You are winning 3 stalks of Cryptocoryne lingua
has even green leaves without any spur of purple. It grows in the freshwater
tidal zone of Sarawak, Malaysia. The inflorescence has a short tail, which bend
forward after some days.
C. lingua has
spoon shaped leaves. The top of the leave is often almost rounded. The bud has a
twisted top between the leaves.
(water trumpet) is a genus of about 50-60 species of aquatic monocot plants from
the family Araceae (arums). The genus is naturally distributed in tropical
regions of Asia and New Guinea.
The typical habitats of Cryptocoryne are
mostly streams and rivers with not too rapidly flowing water, in the lowland
forest. They also live in seasonally inundated forest pools or on river banks
submerged only at high water. Although the proper scientific name of the genus
is Cryptocoryne, they are commonly referred to as crypts. The English name
"water trumpet" refers to their inflorescence, a spadix enclosed by a spathe
(typical for the whole family), which resembles a trumpet.
Cryptocoryne species was described in 1779 as Arum spirale by Retzius. The genus
was described by Friedrich Ernst Ludwig von Fischer in 1828. However, the
scientific classification of Cryptocoryne species is very complicated and there
are different opinions about it. Lagenandra is another genus closely related to
the genus Cryptocoryne.
Cultivation and uses
trumpets are popular commercially cultivated aquarium plants. Submersed plants
reproduce vegetatively, emersed plants may flower and reproduce sexually. Many
species are cultivated only by dedicated experts and are very hard to grow, or
not in a culture at all. Some species are endangered because their natural
habitats are disappearing. On the other hand, some water trumpets (eg.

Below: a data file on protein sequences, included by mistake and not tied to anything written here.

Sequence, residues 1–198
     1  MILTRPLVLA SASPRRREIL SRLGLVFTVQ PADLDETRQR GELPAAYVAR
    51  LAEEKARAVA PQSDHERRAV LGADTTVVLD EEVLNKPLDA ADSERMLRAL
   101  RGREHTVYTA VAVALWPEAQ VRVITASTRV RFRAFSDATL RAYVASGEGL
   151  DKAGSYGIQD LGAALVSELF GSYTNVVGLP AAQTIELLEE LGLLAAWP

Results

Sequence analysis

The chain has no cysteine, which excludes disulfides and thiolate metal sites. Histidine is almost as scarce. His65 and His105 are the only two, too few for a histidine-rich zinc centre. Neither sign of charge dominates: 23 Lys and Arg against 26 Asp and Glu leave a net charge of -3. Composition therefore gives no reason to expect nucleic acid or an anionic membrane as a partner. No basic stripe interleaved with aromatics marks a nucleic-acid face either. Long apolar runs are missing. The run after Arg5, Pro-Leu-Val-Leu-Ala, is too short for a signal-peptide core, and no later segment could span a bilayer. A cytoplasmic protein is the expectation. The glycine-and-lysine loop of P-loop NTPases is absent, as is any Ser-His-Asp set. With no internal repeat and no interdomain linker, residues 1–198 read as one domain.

Cryptocoryne beckettii) are very hardy aquarium plants, easy to grow to the
point that they have become an invasive species after being introduced to
Florida in North America.
Some of the Cryptocorynes are generally the
easier ones to keep (in fact, some species (Cryptocorynes wendtii) are said to
be among the most versatile of aquarium plants); they require low to moderate
light (but can grow faster in more intense light), a temperature range of around
20 to 33 °C, and slightly acidic or neutral pH, though they can adapt to higher
pH as well. In contrast to accepted aquarium wisdom, it thrives well in
Plants of the Genus Cryptocoryne, which range from India to New
Guinea are found in very diverse conditions. Some are true acid loving plants
such as C. grabowski, found in peat bogs in Borneo, while others such as C.
balansae and C. pontiderifolia are found in streams with limestone beds - hard
alkaline water. One species, C. ciliata is even found in semi brackish water in
some areas. It is one of the few aquarium plants that tolerates salt
concentrations that would almost certainly kill other aquarium
There has been an extensive revision of the Genus by Jacobsen and
many names aquarists are familiar with have been changed. Crypts also have an
annoying (to taxonomists!) tendency to hybridize freely in nature and there are
a handfull of "species" found in nature that are hybrids. Add to this the
situation where some species have a multitide of natural cultivars (C. wendtii)
and the fact they can only be properly identified by the flowering spathe - and
they seldom flower in aquaria - it makes it difficult to identify some species
solely on appearance.
Cryptocoryne plants have been in cultivation in the
aquarium hobby since the late 18th century, although it was not until the 1960s
that more than a handful of species were known and they could not be called
common in the hobby until then.
As of this writing (2006) there are still
a couple of new species found per year for the past few years as interest in
these plants widens and more collections expeditions by private parties
||20 - 30 °C (68 - 86 °F)
||6 - 8
||Very Low - High
||Crypt will be shipped with leaves removed, as the leaves will melt off in your tank due to different water parameters. New leaves will grow in 1 to 2 weeks time.
A healthy stump is firm upon arrival. Gently plant it into the substrate with tweezers and leave it alone for 2 weeks. Avoid drastic changes to water parameters, as it is trying to adapt to the new environment.
|This product was added to our catalog on Sunday 14 October, 2007.